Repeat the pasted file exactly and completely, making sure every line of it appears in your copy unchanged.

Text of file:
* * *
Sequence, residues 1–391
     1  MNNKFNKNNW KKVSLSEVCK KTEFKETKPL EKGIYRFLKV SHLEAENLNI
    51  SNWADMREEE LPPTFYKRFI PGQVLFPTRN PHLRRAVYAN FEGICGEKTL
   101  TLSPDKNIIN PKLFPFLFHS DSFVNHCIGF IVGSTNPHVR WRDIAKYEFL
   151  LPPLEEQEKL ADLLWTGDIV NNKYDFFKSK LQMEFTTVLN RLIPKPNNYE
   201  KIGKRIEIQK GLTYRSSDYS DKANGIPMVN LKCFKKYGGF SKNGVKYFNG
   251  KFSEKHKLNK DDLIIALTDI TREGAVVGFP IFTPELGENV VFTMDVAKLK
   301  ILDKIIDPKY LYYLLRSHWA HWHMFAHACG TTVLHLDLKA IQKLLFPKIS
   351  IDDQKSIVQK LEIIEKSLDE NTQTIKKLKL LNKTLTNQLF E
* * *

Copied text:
Sequence, residues 1–391
     1  MNNKFNKNNW KKVSLSEVCK KTEFKETKPL EKGIYRFLKV SHLEAENLNI
    51  SNWADMREEE LPPTFYKRFI PGQVLFPTRN PHLRRAVYAN FEGICGEKTL
   101  TLSPDKNIIN PKLFPFLFHS DSFVNHCIGF IVGSTNPHVR WRDIAKYEFL
   151  LPPLEEQEKL ADLLWTGDIV NNKYDFFKSK LQMEFTTVLN RLIPKPNNYE
   201  KIGKRIEIQK GLTYRSSDYS DKANGIPMVN LKCFKKYGGF SKNGVKYFNG
   251  KFSEKHKLNK DDLIIALTDI TREGAVVGFP IFTPELGENV VFTMDVAKLK
   301  ILDKIIDPKY LYYLLRSHWA HWHMFAHACG TTVLHLDLKA IQKLLFPKIS
   351  IDDQKSIVQK LEIIEKSLDE NTQTIKKLKL LNKTLTNQLF E